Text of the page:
This report suggests that complete clinical remission is possible in active AS following chemotherapy for lymphoma including ASCT.”

Best Pract Res Clin Rheumatol.2008 Apr;22(2):269-84.

Multipotent mesenchymal stromal cells in articular diseases

Christian Jorgensen

“Recent studies have provided new perspectives for cartilage engineering using multipotent mesenchymal stromal cells (MSC). This chapter focuses on the potential of MSC to repair cartilage, with an emphasis on the factors that are known to be required in inducing chondrogenesis and on their immunosuppressive potential

Curr Mol Med. 2012 Apr 18. [Epub ahead of print]


Immunosuppressive properties of mesenchymal stem cells: advances and applications.

De Miguel MPFuentes-Julián SBlázquez-Martínez APascual CYAller MAArias JArnalich-Montiel F.  Cell Engineering Laboratory, IdiPaz, La Paz Hospital Research Institute, Madrid, Spain.


Mesenchymal stem cells (MSCs) have been isolated from a variety of tissues, such as bone marrow, skeletal muscle, dental pulp, bone, umbilical cord and adipose tissue. MSCs are used in regenerative medicine mainly based on their capacity to differentiate into specific cell types and also as bioreactors of soluble factors that will promote tissue regeneration from the damaged tissue cellular progenitors. In addition to these regenerative properties, MSCs hold an immunoregulatory capacity, and elicit immunosuppressive effects in a number of situations. Not only are they immunoprivileged cells, due to the low expression of class II Major Histocompatibilty Complex (MHC-II) and costimulatory molecules in their cell surface, but they also interfere with different pathways of the immune response by means of direct cell-to-cell interactions and soluble factor secretion. In vitro, MSCs inhibit cell proliferation of T cells, B-cells, natural killer cells (NK) and dendritic cells (DC), producing what is known as division arrest anergy. Moreover, MSCs can stop a variety of immune cell functions: cytokine secretion and cytotoxicity of T and NK cells; B cell maturation and antibody secretion; DC maturation and activation; as well as antigen presentation. It is thought that MSCs need to be activated to exert their immunomodulation skills. In this scenario, an inflammatory environment seems to be necessary to promote their effect and some inflammation-related molecules such as tumor necrosis factor-α and interferon-γ might be implicated. It has been observed that MSCs recruit T-regulatory lymphocytes (Tregs) to both lymphoid organs and graft. There is great controversy concerning the mechanisms and molecules involved in the immunosuppressive effect of MSCs. Prostaglandin E2, transforming growth factor-β, interleukins- 6 and 10, human leukocyte antigen-G5, matrix metalloproteinases, indoleamine-2,3-dioxygenase and nitric oxide are all candidates under investigation. In vivo studies have shown many discrepancies regarding the immunomodulatory properties of MSCs. These studies have been designed to test the efficacy of MSC therapy in two different immune settings: the prevention or treatment of allograft rejection episodes, and the ability to suppress abnormal immune response in autoimmune and inflammatory diseases. Preclinical studies have been conducted in rodents, rabbits and baboon monkeys among others for bone marrow, skin, heart, and corneal transplantation, graft versus host disease, hepatic and renal failure, lung injury, multiple sclerosis, rheumatoid arthritis, diabetes and lupus diseases. Preliminary results from some of these studies have led to human clinical trials that are currently being carried out. These include treatment of autoimmune diseases such as Crohn’s disease, ulcerative colitis, multiple sclerosis and type 1 diabetes mellitus; prevention of allograft rejection and enhancement of the survival of bone marrow and kidney grafts; and treatment of resistant graft versus host disease. We will try to shed light on all these studies, and analyze why the results are so contradictory.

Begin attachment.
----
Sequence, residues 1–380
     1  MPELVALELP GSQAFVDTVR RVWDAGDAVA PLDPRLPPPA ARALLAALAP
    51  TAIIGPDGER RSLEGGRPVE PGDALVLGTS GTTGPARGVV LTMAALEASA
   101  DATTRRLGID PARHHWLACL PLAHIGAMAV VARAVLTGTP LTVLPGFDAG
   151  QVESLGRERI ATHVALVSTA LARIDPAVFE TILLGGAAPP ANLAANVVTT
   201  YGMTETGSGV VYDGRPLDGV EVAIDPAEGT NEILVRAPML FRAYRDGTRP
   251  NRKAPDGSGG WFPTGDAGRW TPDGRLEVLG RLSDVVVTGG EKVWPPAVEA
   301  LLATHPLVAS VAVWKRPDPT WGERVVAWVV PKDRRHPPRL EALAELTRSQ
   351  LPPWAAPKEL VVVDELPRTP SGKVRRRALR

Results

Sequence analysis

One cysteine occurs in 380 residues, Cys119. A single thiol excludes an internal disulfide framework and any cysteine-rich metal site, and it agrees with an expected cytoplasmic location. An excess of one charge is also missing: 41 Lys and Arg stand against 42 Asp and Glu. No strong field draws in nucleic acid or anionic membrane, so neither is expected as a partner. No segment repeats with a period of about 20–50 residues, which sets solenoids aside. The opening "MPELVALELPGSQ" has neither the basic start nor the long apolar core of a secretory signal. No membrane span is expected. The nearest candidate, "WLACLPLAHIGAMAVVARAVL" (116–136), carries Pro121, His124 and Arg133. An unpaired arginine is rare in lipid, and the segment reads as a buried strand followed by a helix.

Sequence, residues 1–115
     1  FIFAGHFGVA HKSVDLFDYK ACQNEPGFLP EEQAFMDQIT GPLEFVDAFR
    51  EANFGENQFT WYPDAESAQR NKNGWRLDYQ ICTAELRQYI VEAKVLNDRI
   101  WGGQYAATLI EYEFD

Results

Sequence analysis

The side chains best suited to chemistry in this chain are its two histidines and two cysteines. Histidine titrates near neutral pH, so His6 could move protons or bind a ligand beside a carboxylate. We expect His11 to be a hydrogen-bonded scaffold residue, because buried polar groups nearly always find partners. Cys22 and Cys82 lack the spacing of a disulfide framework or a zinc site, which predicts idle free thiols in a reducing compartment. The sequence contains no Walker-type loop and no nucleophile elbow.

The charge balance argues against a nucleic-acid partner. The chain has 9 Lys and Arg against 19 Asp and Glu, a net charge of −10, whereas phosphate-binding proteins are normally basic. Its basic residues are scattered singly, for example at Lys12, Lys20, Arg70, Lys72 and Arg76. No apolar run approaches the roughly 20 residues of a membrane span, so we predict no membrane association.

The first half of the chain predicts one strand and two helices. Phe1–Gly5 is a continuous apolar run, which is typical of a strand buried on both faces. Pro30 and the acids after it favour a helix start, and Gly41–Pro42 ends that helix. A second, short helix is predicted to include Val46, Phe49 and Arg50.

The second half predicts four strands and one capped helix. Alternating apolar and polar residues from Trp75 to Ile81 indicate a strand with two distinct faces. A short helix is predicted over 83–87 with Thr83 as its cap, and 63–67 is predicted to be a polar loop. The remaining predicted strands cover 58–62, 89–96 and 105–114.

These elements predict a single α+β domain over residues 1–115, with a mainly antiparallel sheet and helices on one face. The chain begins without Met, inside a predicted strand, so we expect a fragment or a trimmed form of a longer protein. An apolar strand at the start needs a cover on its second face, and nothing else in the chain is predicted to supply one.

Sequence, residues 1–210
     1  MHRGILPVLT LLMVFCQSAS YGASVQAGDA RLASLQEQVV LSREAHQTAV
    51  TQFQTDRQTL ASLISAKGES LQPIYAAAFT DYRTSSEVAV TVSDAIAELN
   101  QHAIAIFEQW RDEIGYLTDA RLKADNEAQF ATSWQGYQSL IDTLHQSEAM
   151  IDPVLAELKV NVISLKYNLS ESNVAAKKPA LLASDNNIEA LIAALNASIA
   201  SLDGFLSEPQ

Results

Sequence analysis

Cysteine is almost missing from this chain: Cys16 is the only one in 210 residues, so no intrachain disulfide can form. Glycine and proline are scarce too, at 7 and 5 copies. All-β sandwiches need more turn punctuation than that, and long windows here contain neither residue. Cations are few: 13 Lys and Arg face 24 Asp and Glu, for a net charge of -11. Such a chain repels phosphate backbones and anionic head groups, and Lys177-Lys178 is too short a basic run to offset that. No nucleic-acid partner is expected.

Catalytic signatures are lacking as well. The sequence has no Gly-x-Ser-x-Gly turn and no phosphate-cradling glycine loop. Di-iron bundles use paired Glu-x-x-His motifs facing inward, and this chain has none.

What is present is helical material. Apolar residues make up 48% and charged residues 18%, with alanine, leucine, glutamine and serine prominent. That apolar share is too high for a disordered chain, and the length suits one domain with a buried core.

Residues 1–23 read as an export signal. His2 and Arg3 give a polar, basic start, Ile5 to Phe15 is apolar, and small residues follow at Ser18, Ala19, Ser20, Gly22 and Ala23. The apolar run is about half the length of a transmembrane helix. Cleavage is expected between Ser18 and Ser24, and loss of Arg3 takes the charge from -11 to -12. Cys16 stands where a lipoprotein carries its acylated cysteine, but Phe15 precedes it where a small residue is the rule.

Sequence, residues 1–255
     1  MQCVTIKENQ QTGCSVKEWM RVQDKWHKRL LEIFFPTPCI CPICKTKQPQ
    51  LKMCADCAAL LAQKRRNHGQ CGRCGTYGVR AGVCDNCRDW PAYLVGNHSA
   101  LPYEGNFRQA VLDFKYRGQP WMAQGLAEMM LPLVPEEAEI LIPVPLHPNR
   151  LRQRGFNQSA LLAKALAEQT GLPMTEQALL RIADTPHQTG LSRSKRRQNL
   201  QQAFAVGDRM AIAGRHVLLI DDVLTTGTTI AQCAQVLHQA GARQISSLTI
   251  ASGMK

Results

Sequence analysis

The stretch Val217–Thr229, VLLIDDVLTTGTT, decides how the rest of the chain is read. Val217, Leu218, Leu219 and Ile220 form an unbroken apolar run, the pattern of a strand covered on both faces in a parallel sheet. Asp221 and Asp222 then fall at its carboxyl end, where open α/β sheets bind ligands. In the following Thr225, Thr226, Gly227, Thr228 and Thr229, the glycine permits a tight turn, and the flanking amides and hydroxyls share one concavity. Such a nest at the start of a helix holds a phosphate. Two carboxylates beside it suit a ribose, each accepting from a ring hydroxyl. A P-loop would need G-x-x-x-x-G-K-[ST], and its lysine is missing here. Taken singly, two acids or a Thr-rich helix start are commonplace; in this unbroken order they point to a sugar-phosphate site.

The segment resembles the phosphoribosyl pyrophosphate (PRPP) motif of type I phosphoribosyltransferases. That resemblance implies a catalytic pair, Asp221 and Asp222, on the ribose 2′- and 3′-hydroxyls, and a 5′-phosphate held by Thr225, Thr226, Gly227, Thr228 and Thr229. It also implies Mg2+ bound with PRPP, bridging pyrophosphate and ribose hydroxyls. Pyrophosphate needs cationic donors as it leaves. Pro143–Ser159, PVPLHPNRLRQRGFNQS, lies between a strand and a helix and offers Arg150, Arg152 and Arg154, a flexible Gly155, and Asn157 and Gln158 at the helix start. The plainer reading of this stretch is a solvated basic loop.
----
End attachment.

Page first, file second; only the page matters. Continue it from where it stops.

Comment: This is an excellent example of a literature review and then subsequent inquiry into some of the known and as yet to be found pathways  that allow the stem cells their ability to positively impact  diseases. I think it’s interesting that “mother nature’ allows these cells such a pervasive impact on the inflammatory processes. Great design…

Stem cells in the treatment of inflammatory arthritis

Alan Tyndall, Jacob M. van Laar Best Practice & Research Clinical Rheumatology August 2010 (Vol. 24, Issue 4, Pages 565-574)

Autologous haematopoietic stem cell transplantation in patients with rheumatoid arthritis (RA) resulted in a positive short-term outcome clinically with low treatment-related toxicity. Mesenchymal stem cells (MSCs), derived from several sources including bone marrow and adipose tissue, are being tested as tissue-regenerative and immunomodulating agents in many autoimmune diseases and animal models of inflammatory arthritis have been positive.”

Best Pract Res Clin Rheumatol. 2001Dec:15(5):711-26

Stem cells in the aetiopathogenesis and therapy of rheumatic disease


“ Given the morbidity and increased mortality in some patients with severe autoimmune diseases and the increasing safety of autologous haemopoietic stem cell transplantation (HSCT), pilot studies have been conducted using HSCT in rheumatic diseases. It is still unclear whether an autologous graft will cure these diseases but significant remissions have been obtained which have provided important data for the design of
randomized trials of HSCT versus more conventional therapy.